Riding along was very pleasant, not too scary as the train seemed inclined to stay on the tracks (I assume nothing anymore) and my companions chatted away, albeit to each other and in Swahili. But no problem. The conductor was a woman and she spent a lot of time in our car trying to figure out who was who and who belonged where, but I couldn't get enough of the conversation to figure out what the problem was. I thought for the millionth time how terrifying it would be to be in a country where there is war or other physical danger, and not speak the language. When something is going on here and I don't understand it, it's generally not a matter of life or death and if I need to know somebody will endeavor to tell me. I can't imagine how terrible it would be if you knew you were in danger but couldn't figure out exactly what was happening. Anyhoo...We passed through all kinds of little villages, where the kids stood and waved at the train as it went by, and the adults stood and watched. And I marveled again at how much people are the same everywhere, as that is exactly what happens when I ride the train in Canada.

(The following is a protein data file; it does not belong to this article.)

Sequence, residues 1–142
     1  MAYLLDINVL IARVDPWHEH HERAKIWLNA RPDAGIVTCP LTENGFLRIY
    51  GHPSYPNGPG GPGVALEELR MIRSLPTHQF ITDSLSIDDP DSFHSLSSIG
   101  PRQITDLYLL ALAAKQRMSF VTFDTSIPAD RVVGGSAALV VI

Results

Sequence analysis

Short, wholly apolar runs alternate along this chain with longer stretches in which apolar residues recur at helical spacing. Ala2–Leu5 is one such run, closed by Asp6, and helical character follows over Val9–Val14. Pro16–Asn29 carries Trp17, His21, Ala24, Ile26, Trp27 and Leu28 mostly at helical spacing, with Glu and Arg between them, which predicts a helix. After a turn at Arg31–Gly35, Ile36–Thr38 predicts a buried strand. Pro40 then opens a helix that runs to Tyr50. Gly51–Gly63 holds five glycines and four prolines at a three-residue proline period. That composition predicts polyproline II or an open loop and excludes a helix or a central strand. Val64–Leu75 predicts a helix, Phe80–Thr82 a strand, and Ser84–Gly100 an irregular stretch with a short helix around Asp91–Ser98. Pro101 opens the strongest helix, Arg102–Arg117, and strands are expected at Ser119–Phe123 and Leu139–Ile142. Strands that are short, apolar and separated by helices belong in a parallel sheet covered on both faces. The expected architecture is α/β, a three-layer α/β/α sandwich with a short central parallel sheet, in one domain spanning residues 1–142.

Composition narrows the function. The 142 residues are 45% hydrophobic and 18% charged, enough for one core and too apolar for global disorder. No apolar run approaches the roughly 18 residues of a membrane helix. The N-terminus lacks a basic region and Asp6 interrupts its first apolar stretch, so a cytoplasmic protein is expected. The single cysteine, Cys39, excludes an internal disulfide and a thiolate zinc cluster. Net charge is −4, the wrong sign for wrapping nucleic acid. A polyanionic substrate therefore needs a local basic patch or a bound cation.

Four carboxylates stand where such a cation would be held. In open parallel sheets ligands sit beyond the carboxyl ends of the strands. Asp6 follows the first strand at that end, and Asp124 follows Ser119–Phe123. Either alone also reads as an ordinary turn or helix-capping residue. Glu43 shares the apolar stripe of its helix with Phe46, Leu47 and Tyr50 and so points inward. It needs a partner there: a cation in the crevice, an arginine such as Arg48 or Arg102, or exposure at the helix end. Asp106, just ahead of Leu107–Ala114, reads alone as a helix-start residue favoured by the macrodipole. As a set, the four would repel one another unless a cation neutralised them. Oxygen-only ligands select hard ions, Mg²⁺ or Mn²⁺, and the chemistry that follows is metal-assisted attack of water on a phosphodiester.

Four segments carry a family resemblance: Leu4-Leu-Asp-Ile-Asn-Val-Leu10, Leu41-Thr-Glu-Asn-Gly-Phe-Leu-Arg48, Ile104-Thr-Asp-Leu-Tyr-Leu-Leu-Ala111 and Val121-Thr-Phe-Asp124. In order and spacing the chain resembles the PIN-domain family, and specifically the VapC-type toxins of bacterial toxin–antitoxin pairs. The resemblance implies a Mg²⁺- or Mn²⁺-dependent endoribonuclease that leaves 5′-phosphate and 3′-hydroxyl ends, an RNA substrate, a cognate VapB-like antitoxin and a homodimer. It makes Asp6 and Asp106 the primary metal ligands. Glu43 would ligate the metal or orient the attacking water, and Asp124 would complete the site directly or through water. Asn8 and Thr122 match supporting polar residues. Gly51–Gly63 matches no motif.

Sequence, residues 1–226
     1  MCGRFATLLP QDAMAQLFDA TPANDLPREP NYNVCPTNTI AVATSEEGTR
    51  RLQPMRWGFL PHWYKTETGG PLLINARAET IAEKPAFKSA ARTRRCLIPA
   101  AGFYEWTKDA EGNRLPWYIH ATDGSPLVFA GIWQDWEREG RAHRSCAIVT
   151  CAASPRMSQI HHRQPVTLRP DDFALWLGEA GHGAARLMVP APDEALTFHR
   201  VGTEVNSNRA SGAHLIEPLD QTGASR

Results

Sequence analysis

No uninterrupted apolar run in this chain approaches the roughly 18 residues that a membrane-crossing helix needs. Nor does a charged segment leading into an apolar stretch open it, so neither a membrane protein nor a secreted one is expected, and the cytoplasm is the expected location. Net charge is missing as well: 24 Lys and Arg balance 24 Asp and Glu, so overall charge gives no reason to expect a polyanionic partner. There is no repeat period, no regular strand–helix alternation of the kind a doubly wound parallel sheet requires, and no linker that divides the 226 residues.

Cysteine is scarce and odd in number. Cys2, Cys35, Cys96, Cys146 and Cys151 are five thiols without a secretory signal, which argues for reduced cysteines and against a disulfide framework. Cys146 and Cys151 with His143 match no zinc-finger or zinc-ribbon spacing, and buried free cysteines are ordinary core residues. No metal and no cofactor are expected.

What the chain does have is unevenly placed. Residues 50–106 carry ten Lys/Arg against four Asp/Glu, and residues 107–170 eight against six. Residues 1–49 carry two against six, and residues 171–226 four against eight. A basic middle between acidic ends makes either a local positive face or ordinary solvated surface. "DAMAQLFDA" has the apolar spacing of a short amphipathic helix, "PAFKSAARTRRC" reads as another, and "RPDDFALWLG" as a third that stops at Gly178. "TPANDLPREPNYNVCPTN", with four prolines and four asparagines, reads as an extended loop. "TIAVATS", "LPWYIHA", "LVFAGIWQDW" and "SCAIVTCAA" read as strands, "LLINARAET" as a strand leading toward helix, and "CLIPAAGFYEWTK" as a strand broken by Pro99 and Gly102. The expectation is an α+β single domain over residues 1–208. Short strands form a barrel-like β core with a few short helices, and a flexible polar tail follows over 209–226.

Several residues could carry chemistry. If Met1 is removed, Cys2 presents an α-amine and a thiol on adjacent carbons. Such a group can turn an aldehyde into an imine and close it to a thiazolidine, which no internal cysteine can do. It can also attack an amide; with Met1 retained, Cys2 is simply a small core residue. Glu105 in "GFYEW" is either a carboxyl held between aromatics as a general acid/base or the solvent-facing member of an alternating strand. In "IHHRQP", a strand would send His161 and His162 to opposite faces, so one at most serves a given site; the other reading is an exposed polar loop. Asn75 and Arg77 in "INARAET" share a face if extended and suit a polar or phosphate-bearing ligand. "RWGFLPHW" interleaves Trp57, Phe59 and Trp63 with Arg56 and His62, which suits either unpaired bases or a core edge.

As we got closer to my stop, I started to see impalas (a member of the antelope family). I also saw a warthog, and a group of Helmeted Guinea Fowl before I even got off the train. Very cool. (I'll give as many of the proper names as I can for those who want to Google...and you know who you are.) The owner had warned me that I had to be really careful not to miss my stop as I would basically be lost if I did. Hmmm, okay. He said it was out in the middle of nowhere. Fortunately one of my compartment-mates spoke fair English and assured me she knew when it was. Which was nice because by that time the conductor was nowhere to be found. Happily she did appear when it was my turn to get off, and they ushered me to the door.